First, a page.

Learn how to make your campus-to-campus videoconferences immersive

Higher-ed instructors are always looking for new ways to make their courses more attractive, engaging, and convenient for students. Doing so helps institutions remain competitive and ensures they are meeting students’ needs. One way that many colleges do this is by using videoconferencing technology to connect far-away classrooms or campuses to each other to provide better access to courses.

A basic videoconference is fine, but students want a more immersive experience when they are paying to learn. That’s why Rutgers University in New Jersey used AV technology to take our videoconferencing program to the next level through our “Immersive Synchronous Lecture Initiative.”

We launched the initiative on our New Brunswick campuses to connect students in different buildings and on different campuses that are miles apart. Our university is unusually spread out; our New Brunswick students take busses between classrooms that are up to 10 miles apart. The Immersive Synchronous Lecture Initiative addresses this challenge and allows students on two different campuses to take the same lesson from the same instructor at the same time, while making it feel like they’re all together in the same room.…Read More

3 cheap ways to amp up campus A/V

Campus A/V officials are striving to justify needed upgrades to campus auditoriums, stadiums, classrooms, and theaters.


Campus technologists say that college and university finances have largely recovered from the thin times after the 2008 economic collapse, though the purchasing of A/V equipment remains an expenditure that many campus decision makers are loathe to discuss.

Budgets for A/V equipment aren’t falling, campus officials say, but they’re not rising either. It’s that budgetary stagnation that leaves many in higher education at a loss for how to approach A/V upgrades that modernize school facilities and make the college or university more appealing to prospective students.…Read More

Three key developments in educational AV technology

BenQ’s ‘SmartEco’ technology automatically adjusts a projector’s lamp settings based on the ambient lighting and the nature of the content being displayed.

Campus officials must design their technology infrastructure to accommodate a host of different student devices, all running on various operating systems. Now, developers of audio-visual products are responding to this need as well, making it easier for students and instructors to collaborate and share their presentations wirelessly from a wide range of mobile devices.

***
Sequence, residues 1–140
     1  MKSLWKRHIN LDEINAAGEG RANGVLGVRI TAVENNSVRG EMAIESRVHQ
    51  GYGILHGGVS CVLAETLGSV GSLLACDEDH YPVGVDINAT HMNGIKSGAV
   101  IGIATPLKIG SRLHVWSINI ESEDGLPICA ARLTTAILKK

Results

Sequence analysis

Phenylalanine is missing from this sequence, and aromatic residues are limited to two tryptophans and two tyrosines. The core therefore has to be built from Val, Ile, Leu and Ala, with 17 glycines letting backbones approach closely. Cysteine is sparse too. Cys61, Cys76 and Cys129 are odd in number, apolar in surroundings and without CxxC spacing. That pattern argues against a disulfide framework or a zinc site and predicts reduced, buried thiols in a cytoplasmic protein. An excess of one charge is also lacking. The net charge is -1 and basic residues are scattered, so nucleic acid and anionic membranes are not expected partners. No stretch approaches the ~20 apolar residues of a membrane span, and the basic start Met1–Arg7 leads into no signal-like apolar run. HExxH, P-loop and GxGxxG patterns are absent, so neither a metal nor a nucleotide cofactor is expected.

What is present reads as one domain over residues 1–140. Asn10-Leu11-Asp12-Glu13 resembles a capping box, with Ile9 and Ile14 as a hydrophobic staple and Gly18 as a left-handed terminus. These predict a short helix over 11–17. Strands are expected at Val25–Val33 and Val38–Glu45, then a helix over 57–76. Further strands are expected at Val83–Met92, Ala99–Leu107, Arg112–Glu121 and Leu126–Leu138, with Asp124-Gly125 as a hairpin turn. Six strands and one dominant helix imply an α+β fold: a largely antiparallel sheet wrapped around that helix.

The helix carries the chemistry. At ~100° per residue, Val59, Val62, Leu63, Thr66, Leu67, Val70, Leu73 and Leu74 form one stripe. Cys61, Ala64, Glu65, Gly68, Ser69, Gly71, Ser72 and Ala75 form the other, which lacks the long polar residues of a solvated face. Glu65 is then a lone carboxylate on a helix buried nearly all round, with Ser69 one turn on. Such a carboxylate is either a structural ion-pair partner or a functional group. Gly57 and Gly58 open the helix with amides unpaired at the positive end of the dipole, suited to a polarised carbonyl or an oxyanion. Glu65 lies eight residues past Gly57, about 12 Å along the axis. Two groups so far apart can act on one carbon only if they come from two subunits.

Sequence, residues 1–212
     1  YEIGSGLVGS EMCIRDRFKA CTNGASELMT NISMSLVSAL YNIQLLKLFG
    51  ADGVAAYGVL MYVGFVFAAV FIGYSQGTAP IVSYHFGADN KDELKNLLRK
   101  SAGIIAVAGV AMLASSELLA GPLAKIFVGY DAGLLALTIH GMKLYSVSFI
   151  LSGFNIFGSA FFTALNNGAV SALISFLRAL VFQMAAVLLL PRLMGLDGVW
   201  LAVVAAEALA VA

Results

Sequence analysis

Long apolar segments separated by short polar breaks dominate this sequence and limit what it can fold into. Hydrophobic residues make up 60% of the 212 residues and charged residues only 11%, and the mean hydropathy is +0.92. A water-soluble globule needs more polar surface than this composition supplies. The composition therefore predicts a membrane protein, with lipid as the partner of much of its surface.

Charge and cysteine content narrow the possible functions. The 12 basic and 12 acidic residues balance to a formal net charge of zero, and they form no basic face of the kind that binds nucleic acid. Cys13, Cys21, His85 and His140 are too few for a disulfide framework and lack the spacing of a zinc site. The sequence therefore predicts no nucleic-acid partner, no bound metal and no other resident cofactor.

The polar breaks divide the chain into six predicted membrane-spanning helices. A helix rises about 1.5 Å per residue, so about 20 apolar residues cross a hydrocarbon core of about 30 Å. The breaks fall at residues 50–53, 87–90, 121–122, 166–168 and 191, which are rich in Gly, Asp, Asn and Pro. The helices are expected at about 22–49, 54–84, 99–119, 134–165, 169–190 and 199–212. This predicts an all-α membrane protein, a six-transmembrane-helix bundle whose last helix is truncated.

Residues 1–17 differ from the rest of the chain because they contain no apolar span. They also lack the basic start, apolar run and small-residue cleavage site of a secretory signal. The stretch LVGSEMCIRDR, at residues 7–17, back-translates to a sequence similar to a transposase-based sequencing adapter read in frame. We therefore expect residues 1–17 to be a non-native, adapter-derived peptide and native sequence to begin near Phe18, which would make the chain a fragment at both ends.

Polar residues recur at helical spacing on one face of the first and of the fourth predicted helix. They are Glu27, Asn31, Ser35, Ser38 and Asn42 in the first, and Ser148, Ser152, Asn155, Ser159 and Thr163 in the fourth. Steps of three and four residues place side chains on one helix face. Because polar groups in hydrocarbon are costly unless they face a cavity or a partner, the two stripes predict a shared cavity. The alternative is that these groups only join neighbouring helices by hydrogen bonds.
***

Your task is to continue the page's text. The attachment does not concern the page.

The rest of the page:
The “bring your own device” (BYOD) phenomenon has exploded in popularity among K-12 schools, as educators look for cost-effective ways to leverage technology in the classroom.

Developers of audio-visual products are responding to this trend as well, making it easier for students and instructors to collaborate and share their presentations wirelessly from a wide range of mobile devices.…Read More

New developments in campus technology: September 2012

Here are some of the latest ed-tech tools featured in the Sept. 2012 edition of eCampus News.

A new way to measure the color brightness of projectors, and a cutting-edge app that can help save lives during campus emergencies, are among the latest developments in campus technology described in the September 2012 edition of eCampus News.

Our September edition is now available in digital format on our website. You can browse the full publication here, or click on any of the headlines below to read these highlights:

New developments in AV technology come into focus…Read More

New developments in AV technology come into focus

Besides saving money over time, lampless projectors also turn on/off instantly.

A new way to measure the brightness of colors; the ability to recognize inputs from any source, and not just a computer; and the move toward more lamp-free projectors are among the latest developments in audio-visual technology that have big implications for schools.

These developments—along with a wider range of formats that give school leaders new choices for deploying digital signage—were some of the key trends discussed at the 2012 InfoComm conference in Las Vegas earlier this year.

Measuring color brightness…Read More

InfoComm 2011 reveals the future of AV technology

InfoComm brought more than 33,000 people to Orlando in June.

The 2011 InfoComm conference and exposition, the nation’s largest trade show devoted to the audio-visual (AV) industry, in June brought more than 33,000 people to Orlando, where several hundred companies demonstrated their latest AV products. Here are some of the highlights from the conference (click on each headline to learn more).

Companies reduce barriers to school video production

Many schools are building high-quality video production studios to give their students valuable experience in recording, mixing, and producing video broadcasts—from live coverage of concerts and athletic events to student-run news programs. Using professional-grade video equipment in these efforts can be costly, but at InfoComm 2011, several companies exhibited products designed to make live video production easier for schools.…Read More